Links

Columnists



Site Search


Entire (RSS)
Comments (RSS)

Archive Calendar

September 2021
S M T W T F S
 1234
567891011
12131415161718
19202122232425
2627282930  

Guides

How to Become a Bounty Hunter



Tag: Richard Convertino

A Detroit Reporter Comments on a Colleague’s Refusal to Disclose Federal Sources

In Detroit, a battle has been simmering between a former Assistant U.S. Attorney Richard Convertino and Pulitzer Prize winning reporter David Ashenfelter. Convertino wants to know who leaked information about him to Ashenfelter, who is now taking the Fifth.

Ex-Prosecutor Convertino

Ex-Prosecutor Convertino

By Sandra Svoboda
News Hits staff/Detroit Metro Times
DETROIT — Let’s get this out right from the start: News Hits has a hard time being even close to objective when it comes to covering the legal tussle going on between Detroit Free Press reporter David Ashenfelter and former federal prosecutor Richard Convertino.
We don’t like to see good journalists called criminals for essentially doing their jobs. If reporters routinely fear prosecution for providing an otherwise absent watchdog role over government, everyone suffers.
Think Kwame Kilpatrick.
But part of us does understand Convertino’s position of wanting the truth to come out relevant to his personal lawsuit against the government. We’ve seen the movie Absence of Malice many times, and get the concept of unnamed government officials unscrupulously using the press as a weapon against someone they’re out to get.
We also understand how frustrating it can be for the aggrieved person trying to find out exactly who leaked the tar so that they can be held accountable. All of which is part of the reason we find the case fascinating.
Convertino, now in private practice in Plymouth, has filed a whistle-blower lawsuit against his former employer, the U.S. Department of Justice. Among other things, Convertino claims an unnamed official illegally gave Ashenfelter information for a 2004 article about the department investigating Convertino’s handling of a high-profile terrorism trial.
Convertino also claims he was punished for complaining – to Congress, in fact – about a lack of resources to fight terrorism.

To Read More

Battle in Motown to Force a Reporter to Reveal Sources Continues

The battle to force a reporter to disclose sources continues in Detroit. Here’s the latest.

By ED WHITE
Ex-Prosecutor Convertino

Ex-Prosecutor Convertino

Associated Press Writer
DETROIT — A lawyer asked a judge Tuesday to declare a Pulitzer Prize-winning reporter in contempt for refusing during a court-ordered deposition to reveal unnamed sources who leaked information about a terrorism prosecutor.
A lawyer for former federal prosecutor Richard Convertino asked that reporter David Ashenfelter of the Detroit Free Press be fined $500 to $5,000 per day until he divulges who in the U.S. Justice Department helped him with a 2004 story about an ethics investigation.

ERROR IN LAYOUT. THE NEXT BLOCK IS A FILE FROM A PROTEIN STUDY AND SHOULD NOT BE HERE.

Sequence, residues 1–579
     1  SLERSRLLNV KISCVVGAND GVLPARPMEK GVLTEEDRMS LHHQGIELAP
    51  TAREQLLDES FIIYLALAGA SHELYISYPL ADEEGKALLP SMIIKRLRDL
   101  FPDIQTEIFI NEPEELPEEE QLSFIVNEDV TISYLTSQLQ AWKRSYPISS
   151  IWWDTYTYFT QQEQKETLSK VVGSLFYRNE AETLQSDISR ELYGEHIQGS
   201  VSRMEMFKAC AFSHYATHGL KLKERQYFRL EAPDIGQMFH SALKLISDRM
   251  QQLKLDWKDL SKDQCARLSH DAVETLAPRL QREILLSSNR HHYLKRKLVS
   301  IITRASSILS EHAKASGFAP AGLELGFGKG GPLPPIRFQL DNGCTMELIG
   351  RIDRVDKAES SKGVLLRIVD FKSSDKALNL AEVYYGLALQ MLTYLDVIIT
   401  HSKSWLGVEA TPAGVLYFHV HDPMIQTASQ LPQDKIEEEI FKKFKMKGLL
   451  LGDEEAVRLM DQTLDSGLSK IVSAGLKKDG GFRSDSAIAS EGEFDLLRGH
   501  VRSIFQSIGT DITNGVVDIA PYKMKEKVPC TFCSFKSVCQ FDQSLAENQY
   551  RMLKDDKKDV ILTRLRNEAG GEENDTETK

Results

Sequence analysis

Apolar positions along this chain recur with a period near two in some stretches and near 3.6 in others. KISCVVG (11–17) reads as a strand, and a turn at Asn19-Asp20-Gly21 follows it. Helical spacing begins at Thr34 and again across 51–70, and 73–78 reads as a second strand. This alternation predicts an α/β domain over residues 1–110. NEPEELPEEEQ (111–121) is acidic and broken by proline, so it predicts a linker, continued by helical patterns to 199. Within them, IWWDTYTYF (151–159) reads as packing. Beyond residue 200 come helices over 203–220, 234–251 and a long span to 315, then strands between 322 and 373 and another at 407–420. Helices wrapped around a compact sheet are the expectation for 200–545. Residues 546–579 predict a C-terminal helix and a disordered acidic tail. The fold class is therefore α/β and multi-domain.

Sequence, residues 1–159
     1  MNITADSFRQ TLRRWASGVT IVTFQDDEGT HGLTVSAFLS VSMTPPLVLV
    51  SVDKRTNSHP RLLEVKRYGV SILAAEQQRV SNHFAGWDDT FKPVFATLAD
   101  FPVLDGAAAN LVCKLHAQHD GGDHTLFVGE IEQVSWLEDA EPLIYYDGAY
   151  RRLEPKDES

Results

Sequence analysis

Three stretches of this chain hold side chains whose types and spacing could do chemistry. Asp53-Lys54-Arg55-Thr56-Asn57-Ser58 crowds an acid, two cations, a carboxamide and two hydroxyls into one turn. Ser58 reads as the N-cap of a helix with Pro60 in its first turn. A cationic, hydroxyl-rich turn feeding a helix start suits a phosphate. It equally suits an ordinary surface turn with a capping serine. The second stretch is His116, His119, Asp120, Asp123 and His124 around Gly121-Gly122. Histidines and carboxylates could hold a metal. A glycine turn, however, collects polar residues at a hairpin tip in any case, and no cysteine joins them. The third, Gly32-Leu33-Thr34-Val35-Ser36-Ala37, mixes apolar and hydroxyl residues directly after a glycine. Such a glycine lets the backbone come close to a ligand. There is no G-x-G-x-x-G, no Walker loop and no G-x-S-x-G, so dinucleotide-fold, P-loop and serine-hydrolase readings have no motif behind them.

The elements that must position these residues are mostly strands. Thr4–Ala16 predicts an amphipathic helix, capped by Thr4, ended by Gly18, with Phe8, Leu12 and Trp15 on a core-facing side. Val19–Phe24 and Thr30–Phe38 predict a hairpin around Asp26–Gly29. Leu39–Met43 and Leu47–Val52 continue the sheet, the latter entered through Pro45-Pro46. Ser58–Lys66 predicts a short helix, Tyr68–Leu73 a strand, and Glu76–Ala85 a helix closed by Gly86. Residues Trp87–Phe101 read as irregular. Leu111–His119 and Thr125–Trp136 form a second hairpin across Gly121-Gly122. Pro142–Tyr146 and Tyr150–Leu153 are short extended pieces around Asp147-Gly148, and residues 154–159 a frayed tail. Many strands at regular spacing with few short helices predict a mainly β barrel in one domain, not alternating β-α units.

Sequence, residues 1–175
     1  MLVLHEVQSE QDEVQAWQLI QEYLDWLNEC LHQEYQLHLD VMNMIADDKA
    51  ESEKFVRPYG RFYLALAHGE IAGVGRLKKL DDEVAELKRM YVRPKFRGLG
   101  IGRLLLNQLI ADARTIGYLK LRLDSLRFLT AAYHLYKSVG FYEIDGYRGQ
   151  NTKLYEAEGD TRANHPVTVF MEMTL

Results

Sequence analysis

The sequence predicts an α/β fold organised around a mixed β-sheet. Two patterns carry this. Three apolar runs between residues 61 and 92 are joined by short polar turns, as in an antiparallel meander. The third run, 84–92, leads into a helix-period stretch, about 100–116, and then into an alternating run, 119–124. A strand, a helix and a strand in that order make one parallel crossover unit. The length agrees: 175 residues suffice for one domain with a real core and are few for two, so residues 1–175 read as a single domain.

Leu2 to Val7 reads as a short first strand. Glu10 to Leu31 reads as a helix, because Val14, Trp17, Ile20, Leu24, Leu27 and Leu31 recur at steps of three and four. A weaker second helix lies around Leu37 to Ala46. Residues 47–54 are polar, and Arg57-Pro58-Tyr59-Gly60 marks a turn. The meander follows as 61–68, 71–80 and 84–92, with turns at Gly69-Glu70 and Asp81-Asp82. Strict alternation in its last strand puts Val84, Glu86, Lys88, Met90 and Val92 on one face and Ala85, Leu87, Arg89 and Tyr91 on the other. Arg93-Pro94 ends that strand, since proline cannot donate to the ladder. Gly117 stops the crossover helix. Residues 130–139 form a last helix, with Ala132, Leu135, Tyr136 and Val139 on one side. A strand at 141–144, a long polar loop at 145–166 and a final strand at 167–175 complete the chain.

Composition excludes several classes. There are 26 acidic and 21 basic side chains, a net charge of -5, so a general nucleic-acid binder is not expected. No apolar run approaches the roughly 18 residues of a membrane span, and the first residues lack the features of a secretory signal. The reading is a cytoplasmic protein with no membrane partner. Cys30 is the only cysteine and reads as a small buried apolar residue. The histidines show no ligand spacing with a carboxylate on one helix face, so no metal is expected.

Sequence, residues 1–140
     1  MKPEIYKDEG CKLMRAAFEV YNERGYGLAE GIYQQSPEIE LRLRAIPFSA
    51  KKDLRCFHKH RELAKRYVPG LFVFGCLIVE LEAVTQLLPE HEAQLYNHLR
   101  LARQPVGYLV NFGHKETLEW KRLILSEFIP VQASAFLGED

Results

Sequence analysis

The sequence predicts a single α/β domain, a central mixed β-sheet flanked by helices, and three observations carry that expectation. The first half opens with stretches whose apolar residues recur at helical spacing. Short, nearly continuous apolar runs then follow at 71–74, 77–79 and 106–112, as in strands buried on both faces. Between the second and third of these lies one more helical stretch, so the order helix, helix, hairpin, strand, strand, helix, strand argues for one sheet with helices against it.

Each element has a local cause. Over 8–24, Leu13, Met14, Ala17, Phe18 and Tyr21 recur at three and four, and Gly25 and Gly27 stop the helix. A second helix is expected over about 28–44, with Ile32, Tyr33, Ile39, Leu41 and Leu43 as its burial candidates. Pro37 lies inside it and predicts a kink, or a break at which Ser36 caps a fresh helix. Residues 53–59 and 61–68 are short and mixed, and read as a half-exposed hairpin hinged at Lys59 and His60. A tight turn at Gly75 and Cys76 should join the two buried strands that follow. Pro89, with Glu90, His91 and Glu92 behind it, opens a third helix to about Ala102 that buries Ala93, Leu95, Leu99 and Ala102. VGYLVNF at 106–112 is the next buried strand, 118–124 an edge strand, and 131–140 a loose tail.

Ashenfelter, 60, invoked the First Amendment and the Fifth Amendment right against self-incrimination during a deposition Dec. 8. Two federal judges had ordered him to comply with a subpoena for information.
“It is important that Mr. Ashenfelter’s defiance come to a very rapid end,” Convertino’s attorney, Stephen Kohn, said in a filing in federal court.
“This discovery dispute has gone on for nearly 18 months, during which time Mr. Ashenfelter has repeatedly demonstrated his willingness to make frivolous and unfounded arguments whose only purpose is to cause delay and drive up costs,” Kohn said.
For Full Story
Read Convertino’s Motion

OTHER STORIES OF INTEREST

Showdown in the Motown: Detroit Reporter Invokes the Fifth and Refuses to Disclose Sources

An angry ex-federal prosecutor wants to know who in the government leaked damaging information about him. And he wants a reporter to tell him who talked. The reporter is refusing. The drama continues.

David Ashenfelter

Ex-Prosecutor Convertino/law office photo

Ex-Prosecutor Convertino/law office photo

By Joe Swickard
Detroit Free Press
DETROIT — Detroit Free Press reporter David Ashenfelter declined under oath this afternoon to reveal confidential sources in a legal standoff that pits journalistic principles against the obligation to testify under subpoena.
In declining to say who told the newspaper that a federal prosecutor was being investigated for his handling of a botched terrorism case, Ashenfelter invoked the First Amendment of the Constitution that guarantees press freedoms, and his Fifth-Amendment right against self-incrimination.
The newspaper released a statement saying Ashenfelter (far left photo)  took the Fifth because of concerns that he could face legal exposure if the sources are identified and charged with a crime for leaking the information. Richard Convertino, a former federal prosecutor who sought the information from Ashenfelter as part of a lawsuit against the government, contends that it was illegal for the information to be leaked. Convertino also contends that Ashenfelter, by refusing to give up his sources, is aiding anyone who committed a crime.
“Journalists ought not to have to resort to taking the Fifth Amendment, when the First Amendment should be enough to protect them,” the Free Press statement said. “But in light of the allegations made by Convertino in his lawsuit, it is appropriate for Ashenfelter to do so.”
It is not immediately clear what Steven M. Kohn, the attorney for Convertino, will do now.
“We will be seeking the appropriate relief,” said Kohn as he exited the deposition in Ann Arbor after a 55-minute session. Kohn said he may seek to ask a federal judge to hold Ashenfelter in contempt of court and seek other sanctions.
For Full Story

Read ticklethewire.com Column on Convertino